In Cilente v. Phoenix Life Ins. Co., 2015 Slip Op 09203 (1st Dep’t Dec. 15, 2015), the Appellate Division, First Department of the New York State Supreme Court, affirmed a trial court order that granted summary judgment and dismissed plaintiffs’ claims against an insurer and broker for alleged failure to provide certain disclosures, in violation of Insurance Law § 2123 and § 4226. The First Department reasoned that although the subject statutes provide a private right of action for an aggrieved person in instances where an insurer or broker knowingly violates such provisions or their underlying regulations, here, defendants established their failure to provide this disclosure was inadvertent and not knowing. Additionally, plaintiffs did not raise a triable issue concerning defendants’ knowledge of noncompliance with the statutes.
In Cilente, plaintiff, Alfonso N. Figliolia (“Figliolia”) obtained and placed in his Family Trust a $15 million life insurance policy from defendant Phoenix Life Insurance Company (“Phoenix”) that would pay his estate taxes; defendant Nestfield and Nestfield & Associates (collectively “Nestfield”) was his broker. Figliolia also created a premium financing program through defendant, A.I. Credit Corp. due to the high amount of the annual premium.
The cash value of the policy, however, did not accrue at a sufficient enough pace, prompting A.I. Credit to seek additional pledges of collateral. Figliolia, after making additional pledges of collateral, restructured the policy to reduce the face amount of the policy. Figliolia also purchased a second policy, financed by A.I. Credit. This second policy ultimately failed to accumulate cash value at a sufficient rate to keep the financing plan afloat. Figliolia defaulted, prompting this litigation.
Plaintiffs claimed that the defendants fraudulently made representations to them in documents that were provided after plaintiffs purchased the initial policy with Phoenix and executed the financing agreement. Plaintiffs also alleged Nestfield and Phoenix failed to provide the requisite disclosure statements pertaining to the partial replacement of the first policy with the second, in violation of Insurance Law § 2123 and § 4226.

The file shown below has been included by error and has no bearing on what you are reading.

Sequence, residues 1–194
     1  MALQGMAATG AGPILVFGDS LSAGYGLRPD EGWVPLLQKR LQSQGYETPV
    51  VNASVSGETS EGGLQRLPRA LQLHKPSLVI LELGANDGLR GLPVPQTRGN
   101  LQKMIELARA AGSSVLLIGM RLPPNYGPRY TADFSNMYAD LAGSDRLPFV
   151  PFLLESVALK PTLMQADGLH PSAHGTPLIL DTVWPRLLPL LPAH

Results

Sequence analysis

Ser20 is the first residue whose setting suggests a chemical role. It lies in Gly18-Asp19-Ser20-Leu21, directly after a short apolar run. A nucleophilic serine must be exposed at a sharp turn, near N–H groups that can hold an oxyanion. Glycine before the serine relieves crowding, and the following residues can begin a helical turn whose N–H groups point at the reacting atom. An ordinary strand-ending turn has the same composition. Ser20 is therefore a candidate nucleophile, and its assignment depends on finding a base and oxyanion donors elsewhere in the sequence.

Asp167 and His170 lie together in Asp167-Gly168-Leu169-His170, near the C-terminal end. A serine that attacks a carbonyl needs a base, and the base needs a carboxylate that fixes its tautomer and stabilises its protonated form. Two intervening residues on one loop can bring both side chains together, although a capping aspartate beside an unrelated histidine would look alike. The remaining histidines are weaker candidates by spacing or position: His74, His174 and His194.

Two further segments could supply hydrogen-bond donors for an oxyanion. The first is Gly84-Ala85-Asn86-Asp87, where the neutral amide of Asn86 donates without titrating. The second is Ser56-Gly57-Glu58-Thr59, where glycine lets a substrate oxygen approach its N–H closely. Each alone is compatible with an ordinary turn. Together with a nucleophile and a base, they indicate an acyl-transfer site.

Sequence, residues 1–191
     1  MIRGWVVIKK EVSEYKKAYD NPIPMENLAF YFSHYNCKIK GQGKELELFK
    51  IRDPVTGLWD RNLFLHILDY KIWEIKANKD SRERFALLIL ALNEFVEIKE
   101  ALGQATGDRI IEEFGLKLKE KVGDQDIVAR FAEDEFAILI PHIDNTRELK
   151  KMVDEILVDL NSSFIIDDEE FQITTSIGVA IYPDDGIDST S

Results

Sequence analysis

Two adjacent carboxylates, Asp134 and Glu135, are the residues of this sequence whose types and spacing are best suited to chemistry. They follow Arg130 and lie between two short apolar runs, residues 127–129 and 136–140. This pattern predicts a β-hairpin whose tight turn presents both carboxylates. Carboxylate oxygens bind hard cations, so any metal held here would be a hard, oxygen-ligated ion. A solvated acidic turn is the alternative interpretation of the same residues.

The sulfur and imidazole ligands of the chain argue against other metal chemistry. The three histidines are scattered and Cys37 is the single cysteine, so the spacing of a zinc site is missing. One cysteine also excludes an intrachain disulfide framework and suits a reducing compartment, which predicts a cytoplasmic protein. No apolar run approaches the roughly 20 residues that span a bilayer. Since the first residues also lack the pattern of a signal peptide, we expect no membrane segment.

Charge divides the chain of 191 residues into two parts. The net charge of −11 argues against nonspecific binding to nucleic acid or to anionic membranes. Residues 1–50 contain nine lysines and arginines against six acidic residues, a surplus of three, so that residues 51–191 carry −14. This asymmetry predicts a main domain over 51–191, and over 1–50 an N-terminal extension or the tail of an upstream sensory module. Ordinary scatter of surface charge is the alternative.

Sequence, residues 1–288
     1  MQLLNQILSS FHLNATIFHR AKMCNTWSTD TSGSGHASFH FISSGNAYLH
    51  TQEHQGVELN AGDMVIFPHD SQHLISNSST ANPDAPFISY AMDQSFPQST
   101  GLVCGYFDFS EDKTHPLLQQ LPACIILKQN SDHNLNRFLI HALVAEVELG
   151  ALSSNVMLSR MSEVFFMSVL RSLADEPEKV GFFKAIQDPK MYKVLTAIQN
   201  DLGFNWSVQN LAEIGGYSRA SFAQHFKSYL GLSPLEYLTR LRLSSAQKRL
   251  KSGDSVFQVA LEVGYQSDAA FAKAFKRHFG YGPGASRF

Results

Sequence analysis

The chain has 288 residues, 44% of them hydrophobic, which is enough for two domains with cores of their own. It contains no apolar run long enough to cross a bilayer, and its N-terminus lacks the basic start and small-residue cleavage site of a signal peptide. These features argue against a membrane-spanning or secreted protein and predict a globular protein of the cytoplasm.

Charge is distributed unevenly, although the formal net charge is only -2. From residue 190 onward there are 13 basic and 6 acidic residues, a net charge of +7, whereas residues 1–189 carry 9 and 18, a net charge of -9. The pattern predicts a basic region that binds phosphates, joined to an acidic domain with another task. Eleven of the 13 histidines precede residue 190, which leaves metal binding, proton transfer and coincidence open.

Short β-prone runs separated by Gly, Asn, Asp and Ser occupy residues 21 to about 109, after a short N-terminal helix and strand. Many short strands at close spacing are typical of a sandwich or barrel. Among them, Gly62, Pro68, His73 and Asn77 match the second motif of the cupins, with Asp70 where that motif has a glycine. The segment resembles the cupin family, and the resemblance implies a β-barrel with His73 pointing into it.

N.Y. Ins. Law § 2123 (McKinney 2001) prohibits misrepresentations, misleading statements and incomplete comparisons by insurance agents and insurance brokers. N.Y. Ins. Law § 4226 (McKinney 2001) prohibits insurers from making misrepresentations, misleading statements and incomplete comparisons. These sections require that any replacement of individual life insurance policies conform to the standards set forth in Reg. 60.
The First Department affirmed the trial court’s grant of defendant’s summary judgment motion dismissing plaintiff’s fraud-based claims and finding that there was no evidence in the record indicating that the terms of the policy and financing agreement were not disclosed to plaintiffs. Id. at *2. Additionally, the First Department affirmed the trial court’s dismissal of plaintiffs’ Insurance Law claims. Id. The First Department noted that a private right of action is only available to an aggrieved person where an insurer or broker knowingly violates any provision of the section or regulations. Id. Here, Phoenix and Nesfield established that their failure to provide this disclosure was inadvertent, and thus did not knowingly fail to make any such disclosure. Id. Moreover, the First Department found that plaintiffs did not raise a triable issue regarding the defendants’ knowledge of their noncompliance with the statutes. Id.
This decision demonstrates that the Court will carefully consider an insurer or broker’s intent before allowing a private cause of action to be asserted under the Insurance Law provisions in question.